While Jon and I have been stationary since the end our year long travels, we are happy to have my sister Marisa (already a guest contributor) take up our travel mantle. Hopefully Jon and I will have some exciting trips coming soon, but until then enjoy Marisa’s adventures on the Iberian peninsula. – Alexis Herr
Planning for a two week trip:
Stop #1 in my two week European adventure!
First, why did I choose Lisbon? I managed to get two-weeks off of work in March, which is off season for most European destinations. So I chose southern Portugal and Spain in order to up my chances for good weather. That’s really the only direction I had, but when I learned about Las Fallas festival in Valencia, I rearranged the whole trip to try to make it there for La Cremà, the famous final night. (Stay tuned for my blog entry about Las Fallas!) The PERFECT March trip to Europe would include both La Cremà (March 19) and Sevilla Easter (March 27), but that didn’t work out with my time table.
Things that did work out pretty well for me on this trip were the choices of hostels, especially Lost Inn (Lisbon) and Sevilla Hostel One Centro (Sevilla)! I also managed a near perfect amount of money and luggage. Finally, while a few days were sacrificed to travel between cities in order to see as many places as possible, I picked a reasonable schedule.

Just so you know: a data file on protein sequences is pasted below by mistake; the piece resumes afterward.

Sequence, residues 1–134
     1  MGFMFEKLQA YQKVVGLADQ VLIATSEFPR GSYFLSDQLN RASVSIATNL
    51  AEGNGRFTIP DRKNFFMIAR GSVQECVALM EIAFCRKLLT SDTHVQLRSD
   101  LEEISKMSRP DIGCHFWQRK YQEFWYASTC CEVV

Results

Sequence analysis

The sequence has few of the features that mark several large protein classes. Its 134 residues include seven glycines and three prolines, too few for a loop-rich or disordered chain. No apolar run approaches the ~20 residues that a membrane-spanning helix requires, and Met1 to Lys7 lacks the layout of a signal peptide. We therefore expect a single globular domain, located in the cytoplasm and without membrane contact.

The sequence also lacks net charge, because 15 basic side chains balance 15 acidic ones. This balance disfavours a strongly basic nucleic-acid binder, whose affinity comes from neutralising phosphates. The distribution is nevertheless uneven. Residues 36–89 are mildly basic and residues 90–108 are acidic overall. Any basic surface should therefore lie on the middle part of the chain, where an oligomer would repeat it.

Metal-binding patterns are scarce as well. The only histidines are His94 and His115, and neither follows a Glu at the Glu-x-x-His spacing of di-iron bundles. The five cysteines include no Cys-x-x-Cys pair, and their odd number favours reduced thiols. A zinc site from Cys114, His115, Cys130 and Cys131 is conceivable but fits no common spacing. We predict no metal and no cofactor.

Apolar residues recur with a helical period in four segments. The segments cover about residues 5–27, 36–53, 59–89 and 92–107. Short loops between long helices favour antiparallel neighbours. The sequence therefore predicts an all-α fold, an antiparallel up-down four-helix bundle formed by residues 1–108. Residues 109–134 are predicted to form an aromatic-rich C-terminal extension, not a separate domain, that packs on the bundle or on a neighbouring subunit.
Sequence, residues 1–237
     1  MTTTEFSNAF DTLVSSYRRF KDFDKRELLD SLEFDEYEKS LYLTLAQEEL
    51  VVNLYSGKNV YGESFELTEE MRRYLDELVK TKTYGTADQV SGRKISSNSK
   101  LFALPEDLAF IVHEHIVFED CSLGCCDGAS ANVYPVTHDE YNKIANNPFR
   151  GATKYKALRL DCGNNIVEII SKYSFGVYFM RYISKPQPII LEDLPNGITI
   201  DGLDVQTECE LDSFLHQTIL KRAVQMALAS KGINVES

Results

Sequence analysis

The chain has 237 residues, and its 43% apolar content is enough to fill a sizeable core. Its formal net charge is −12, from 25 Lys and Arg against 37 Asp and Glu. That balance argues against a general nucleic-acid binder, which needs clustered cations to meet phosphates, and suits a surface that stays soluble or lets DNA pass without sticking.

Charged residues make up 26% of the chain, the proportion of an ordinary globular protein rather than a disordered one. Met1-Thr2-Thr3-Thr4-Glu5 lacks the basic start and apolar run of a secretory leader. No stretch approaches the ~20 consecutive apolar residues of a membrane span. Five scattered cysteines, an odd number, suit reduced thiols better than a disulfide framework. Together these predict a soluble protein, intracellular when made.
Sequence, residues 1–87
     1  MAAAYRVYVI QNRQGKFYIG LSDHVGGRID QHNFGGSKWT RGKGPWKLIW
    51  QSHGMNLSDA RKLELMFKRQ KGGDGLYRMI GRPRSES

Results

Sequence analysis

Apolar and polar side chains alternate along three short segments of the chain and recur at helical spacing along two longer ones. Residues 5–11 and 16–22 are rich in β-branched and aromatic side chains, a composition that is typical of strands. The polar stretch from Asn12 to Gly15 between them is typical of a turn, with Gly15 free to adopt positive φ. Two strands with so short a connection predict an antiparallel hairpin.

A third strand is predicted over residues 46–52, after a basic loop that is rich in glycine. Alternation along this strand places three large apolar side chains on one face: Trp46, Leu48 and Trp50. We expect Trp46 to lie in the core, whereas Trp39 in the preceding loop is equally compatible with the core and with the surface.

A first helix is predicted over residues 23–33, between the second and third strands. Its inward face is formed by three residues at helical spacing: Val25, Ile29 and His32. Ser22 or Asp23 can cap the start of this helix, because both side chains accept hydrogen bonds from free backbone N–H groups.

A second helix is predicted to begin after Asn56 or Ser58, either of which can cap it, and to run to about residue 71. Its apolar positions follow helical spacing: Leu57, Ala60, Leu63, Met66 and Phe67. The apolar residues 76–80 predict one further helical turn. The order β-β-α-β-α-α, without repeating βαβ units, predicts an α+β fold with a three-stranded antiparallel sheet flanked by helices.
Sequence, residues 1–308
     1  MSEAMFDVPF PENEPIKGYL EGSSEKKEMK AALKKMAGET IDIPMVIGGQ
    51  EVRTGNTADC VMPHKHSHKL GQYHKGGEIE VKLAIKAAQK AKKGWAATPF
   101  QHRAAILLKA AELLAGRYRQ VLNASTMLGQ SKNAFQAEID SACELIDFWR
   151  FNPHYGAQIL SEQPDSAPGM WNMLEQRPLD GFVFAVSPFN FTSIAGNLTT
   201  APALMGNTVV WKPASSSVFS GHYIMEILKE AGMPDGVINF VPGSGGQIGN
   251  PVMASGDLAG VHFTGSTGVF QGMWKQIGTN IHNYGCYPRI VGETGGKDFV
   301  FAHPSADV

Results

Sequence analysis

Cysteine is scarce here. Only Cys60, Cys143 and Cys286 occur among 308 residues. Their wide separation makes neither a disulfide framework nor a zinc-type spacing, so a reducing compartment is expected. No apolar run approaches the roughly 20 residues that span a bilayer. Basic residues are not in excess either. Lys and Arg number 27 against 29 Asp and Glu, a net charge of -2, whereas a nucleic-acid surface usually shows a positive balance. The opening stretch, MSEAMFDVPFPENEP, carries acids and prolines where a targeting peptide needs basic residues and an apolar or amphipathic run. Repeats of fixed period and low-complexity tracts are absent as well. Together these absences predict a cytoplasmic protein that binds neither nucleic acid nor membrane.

To elaborate on the above, many people recommended AirBnb instead of hostels. Alexis, Jon, and I certainly lucked out and loved our Paris apartment à la AirBnb. However, I was traveling alone and knew from my London experience (2013) that hostels were a good way to meet other travelers. It was really important to me to find a social hostel with a balance of quiet in order to get sleep. Lost Inn and Hostel One Centro were the best because they each host free events every night that draw people together and facilitate going out at night, if you so choose (free Sangria every night at Lost Inn and free dinner! every night at Hostel One). I was less happy with Barcelona Central Garden; yes, it’s clean and a good location but also smaller and less social – so definitely stay there if you’re afraid of loud ‘party’ hostels. The Hat (Madrid) is also not for the solo traveler; it is a big hostel with a posh rooftop bar, but it books large groups including young children needing chaperones. Lastly, one additional bonus to hostels was that they don’t fill up in the off season. I stayed in 4 or 6 bed dorms exclusively, and my 4-bed female dorm with private bathroom in Sevilla was just me and another girl all 3 nights!